The first annual report that tracks how state education agencies and policymakers are adapting to a post-pandemic digital world revealed that while some states have made great strides to support digital learning, many must do more to prioritize edtech.
The 2022 State EdTech Trends Report – published by the State Educational Technology Directors Association (SETDA) in collaboration with the Whiteboard Advisors – provides data that highlights the work states are doing across the U.S. to provide useful, reliable, and safe technology to students and teachers, while also noting their vulnerabilities.
The non-profit – providing more than 20 years of dedication centered around digital learning and equity – surveyed state superintendents, officials from all 50 states, the District of Columbia, the Department of Defense Education Activity schools, and the Northern Mariana Islands, as well as SETDA members.
The report presented four key findings. The first key finding – “states can more intentionally connect educational priorities and technological priorities” – is a result of respondents’ presenting similar goals for both education and technology.
SETDA believes that states can use edtech for their two top education priorities: educator recruitment and retention and addressing learning loss.
The report highlights Connecticut as a state that is using edtech to support its educational goals. The state recently passed a resolution that positions unprecedented, pandemic-related school technology investments as an inflection point.
“The resolution calls on all education stakeholders to ensure ongoing support for the essential conditions for learning in the 21st century – internet, devices, and the skills to use them – as well as sustained teacher professional development, among other priorities,” the report said.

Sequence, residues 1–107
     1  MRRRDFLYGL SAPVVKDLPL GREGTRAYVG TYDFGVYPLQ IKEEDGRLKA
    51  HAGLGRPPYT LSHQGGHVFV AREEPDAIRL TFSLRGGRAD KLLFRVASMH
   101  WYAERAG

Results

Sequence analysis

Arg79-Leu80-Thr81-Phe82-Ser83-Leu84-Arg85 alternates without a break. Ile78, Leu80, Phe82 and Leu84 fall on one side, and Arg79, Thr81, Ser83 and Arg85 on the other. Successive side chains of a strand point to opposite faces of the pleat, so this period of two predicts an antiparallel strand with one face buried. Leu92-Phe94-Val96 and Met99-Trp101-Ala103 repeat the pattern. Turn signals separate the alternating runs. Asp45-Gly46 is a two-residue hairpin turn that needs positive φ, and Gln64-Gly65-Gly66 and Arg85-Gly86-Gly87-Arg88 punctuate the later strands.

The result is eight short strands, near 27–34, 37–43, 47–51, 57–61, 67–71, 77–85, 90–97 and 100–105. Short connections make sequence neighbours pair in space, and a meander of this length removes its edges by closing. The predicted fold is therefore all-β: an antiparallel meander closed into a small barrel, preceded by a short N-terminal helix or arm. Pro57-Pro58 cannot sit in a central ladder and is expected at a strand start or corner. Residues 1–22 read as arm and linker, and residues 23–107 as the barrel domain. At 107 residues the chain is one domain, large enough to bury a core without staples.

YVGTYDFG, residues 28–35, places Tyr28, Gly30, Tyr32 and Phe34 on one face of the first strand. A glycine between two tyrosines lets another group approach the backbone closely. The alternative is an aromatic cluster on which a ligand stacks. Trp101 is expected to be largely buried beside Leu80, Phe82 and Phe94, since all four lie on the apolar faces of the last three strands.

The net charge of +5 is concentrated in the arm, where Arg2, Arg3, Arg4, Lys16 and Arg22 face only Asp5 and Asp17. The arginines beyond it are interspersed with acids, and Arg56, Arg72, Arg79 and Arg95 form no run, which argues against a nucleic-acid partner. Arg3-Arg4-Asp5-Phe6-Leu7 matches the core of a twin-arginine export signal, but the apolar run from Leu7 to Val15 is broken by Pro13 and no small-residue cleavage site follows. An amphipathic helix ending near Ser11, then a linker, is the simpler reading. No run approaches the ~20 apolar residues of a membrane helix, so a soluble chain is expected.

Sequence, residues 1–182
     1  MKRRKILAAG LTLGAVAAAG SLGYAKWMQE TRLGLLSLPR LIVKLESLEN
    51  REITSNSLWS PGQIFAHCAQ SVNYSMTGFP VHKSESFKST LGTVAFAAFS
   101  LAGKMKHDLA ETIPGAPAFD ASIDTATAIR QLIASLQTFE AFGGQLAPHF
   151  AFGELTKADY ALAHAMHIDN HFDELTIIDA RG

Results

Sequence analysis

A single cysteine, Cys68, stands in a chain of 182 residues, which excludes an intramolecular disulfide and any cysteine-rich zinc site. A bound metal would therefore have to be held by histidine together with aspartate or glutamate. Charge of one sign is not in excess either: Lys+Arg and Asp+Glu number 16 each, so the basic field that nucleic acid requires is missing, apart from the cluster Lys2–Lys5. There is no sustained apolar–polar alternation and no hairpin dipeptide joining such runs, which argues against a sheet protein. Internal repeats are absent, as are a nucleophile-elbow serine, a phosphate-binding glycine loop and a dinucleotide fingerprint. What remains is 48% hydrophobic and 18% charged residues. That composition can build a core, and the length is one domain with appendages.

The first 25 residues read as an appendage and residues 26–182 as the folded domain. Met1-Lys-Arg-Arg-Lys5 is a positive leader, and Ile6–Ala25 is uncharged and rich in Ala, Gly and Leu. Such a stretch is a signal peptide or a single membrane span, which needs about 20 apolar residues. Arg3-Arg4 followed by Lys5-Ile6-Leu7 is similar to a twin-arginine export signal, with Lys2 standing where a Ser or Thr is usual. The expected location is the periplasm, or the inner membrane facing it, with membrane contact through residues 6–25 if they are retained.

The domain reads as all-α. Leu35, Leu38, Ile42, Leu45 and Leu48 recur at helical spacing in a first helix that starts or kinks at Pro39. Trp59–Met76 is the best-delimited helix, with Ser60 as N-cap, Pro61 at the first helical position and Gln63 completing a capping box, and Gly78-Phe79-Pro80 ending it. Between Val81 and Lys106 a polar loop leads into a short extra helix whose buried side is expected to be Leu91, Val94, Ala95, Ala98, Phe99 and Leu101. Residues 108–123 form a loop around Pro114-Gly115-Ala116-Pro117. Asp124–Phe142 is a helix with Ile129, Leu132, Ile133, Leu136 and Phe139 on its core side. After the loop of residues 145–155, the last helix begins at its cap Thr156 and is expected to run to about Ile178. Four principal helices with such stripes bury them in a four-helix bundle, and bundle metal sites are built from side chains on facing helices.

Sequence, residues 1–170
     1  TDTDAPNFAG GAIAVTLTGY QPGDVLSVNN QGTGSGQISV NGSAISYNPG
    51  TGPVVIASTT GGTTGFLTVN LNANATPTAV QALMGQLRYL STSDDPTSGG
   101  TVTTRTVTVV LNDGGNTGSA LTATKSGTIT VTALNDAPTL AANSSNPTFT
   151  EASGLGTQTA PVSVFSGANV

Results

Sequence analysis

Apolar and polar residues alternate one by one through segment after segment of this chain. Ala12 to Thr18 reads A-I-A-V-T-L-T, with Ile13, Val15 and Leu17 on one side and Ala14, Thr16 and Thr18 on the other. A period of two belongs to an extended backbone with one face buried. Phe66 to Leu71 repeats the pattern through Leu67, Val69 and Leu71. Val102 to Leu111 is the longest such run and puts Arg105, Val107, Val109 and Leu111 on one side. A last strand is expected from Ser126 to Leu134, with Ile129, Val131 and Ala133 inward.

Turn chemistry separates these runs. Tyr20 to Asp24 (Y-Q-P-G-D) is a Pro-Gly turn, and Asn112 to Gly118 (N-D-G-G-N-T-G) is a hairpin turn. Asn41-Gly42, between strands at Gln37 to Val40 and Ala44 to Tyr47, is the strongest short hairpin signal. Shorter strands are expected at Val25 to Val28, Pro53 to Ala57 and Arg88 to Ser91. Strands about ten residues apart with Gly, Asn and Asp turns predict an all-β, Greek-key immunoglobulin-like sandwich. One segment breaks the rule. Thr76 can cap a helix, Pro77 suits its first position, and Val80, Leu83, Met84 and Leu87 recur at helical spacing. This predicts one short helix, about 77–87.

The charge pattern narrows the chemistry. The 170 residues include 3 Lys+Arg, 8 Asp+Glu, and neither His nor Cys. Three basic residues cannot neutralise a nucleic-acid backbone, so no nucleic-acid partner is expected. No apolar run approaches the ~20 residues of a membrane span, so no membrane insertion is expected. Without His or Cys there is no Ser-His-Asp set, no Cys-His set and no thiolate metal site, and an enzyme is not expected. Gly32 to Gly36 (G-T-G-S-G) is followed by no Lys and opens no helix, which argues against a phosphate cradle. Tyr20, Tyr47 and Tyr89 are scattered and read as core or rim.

The second key finding said that states vary in their approach and role relating to ensuring edtech program and product effectiveness. Nineteen states, the report said, do not collect data on edtech use and effectiveness.
Mississippi, however, is a state that does, and that data has helped educators and leaders identify where they are and what they need to continue their edtech evolution.
“States don’t have consistent definitions or categorizations for edtech” is the report’s third key finding.
“Creating better defined edtech roles, functions, and responsibilities within [state education agencies] will help modernize and support the use of technology for teaching and learning across the state, while also helping to ensure the sustainability – and impact – of state investments in both information and instructional technology,” the report said.
The final key finding highlights that many states report a disparity between their edtech priorities and their activities.
Cybersecurity was identified as the second highest tech priority (behind broadband) but remains the second highest unmet technology need for the states, according to the survey results.
Especially post-pandemic, in the digital 21st century, SEDTA believes that state leaders must be asking important questions about educational and technological priorities, how those priorities are supported with resources, and how they can work together to create technology-rich schools for all students.